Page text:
Moments frozen in a Back Bay morning

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By David Filipov
Globe Staff / January 13, 2011

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As the nor’easter descended early yesterday, bringing with it icy winds, snow-day revelry, and slushy commutes, here is what unfolded in one corner of the city.

1:24 a.m. The first icy crystals start to fall, mixed with larger flakes that turn to tiny darts in the rising wind. It is 35 degrees. At Tiffany & Co., an ad depicts a family of four smiling as they walk in a merry snowfall, holiday tree in the background. The adults are kissing. Neither is wearing a hat. This is snow the way they see it on Madison Avenue.

2:08 a.m. Outside the Lenox Hotel. Matthew Hiznay of Providence sings “We’re Having a Party’’ while dancing with a homeless man named Tony. Hiznay and a friend are wearing only blazers and shirts as they hail a cab. Another man in a sport coat steps outside, carrying a full pint of Guinness. A Venezuelan named Bernardo takes a cigarette break — in sandals. All the people who have someplace warm to be are paying no heed to the cold. “Man, it is snowing,’’ says Tony, who has only a winter coat and a hat to shield him from the elements.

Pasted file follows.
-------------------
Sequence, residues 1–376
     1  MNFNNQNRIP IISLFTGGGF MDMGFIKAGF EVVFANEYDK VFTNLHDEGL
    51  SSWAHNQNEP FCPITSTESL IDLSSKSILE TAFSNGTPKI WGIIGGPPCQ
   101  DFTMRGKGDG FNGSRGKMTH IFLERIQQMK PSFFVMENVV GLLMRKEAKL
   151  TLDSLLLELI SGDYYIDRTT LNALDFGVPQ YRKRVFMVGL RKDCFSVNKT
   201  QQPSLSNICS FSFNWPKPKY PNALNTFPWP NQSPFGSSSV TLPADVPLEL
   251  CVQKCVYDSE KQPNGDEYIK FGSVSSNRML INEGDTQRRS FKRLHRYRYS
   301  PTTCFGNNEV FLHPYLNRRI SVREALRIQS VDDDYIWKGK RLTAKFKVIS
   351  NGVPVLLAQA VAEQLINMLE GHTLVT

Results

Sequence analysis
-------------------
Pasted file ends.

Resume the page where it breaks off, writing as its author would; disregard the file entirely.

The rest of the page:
2:15 a.m. A Boston Public Works snowplow pushes thick, black slush along Boylston Street. It rolls through a red light across from the Prudential. The temperature has dropped below freezing and the snow is accumulating.

2:30 a.m. A booby prize awaits moment when the owner of a silver Honda Accord parked on Huntington Avenue gets around to scraping the snow off the windshield: a frost-encrusted orange ticket. Snow emergency, and all that.

3 a.m. The stinging wind knocks over a flower pot in front of the Fairmont Copley Plaza. Thuyet Tran of the hotel engineering department darts into the storm to grab the urn and ducks back into the hotel. A hotel worker steps onto a Bobcat to plow the sidewalk. “Enjoy the show,’’ he cries.

4:10 a.m. A bright stab of light flashes over the Boston Public Library. A loud blast crackles in the sky. This is officially a thunder-blizzard.

4:26 a.m. About two very sticky inches are on the ground. Cleanup crews in yellow slickers trudge, eyes downcast, pushing shovels, snow blowers. TV trucks are lined along Copley Plaza in anticipation of the morning news. A Boston Public Works plow rumbles along the plaza and stops in front of a camera crew setting up. “I’m going to be plowing this continuously,’’ the driver warns. “The camera’s going right here,’’ responds a crew member. It is an impasse in the driving snow.

4:45 a.m. The festive lights adorning the trees of Newbury Street glow warmly under a veil of white. Thick, wet flakes pound windows displaying mannequins clad in scanty lavender and red lingerie. Joaquim Salazar and Salvador Salinas push heavy orange Gravely Professional 8 walk-behind tractors that belch snow in thick waves, around the corner onto Clarendon, past Borders books and Filene’s Basement. The snow is now 3 inches deep.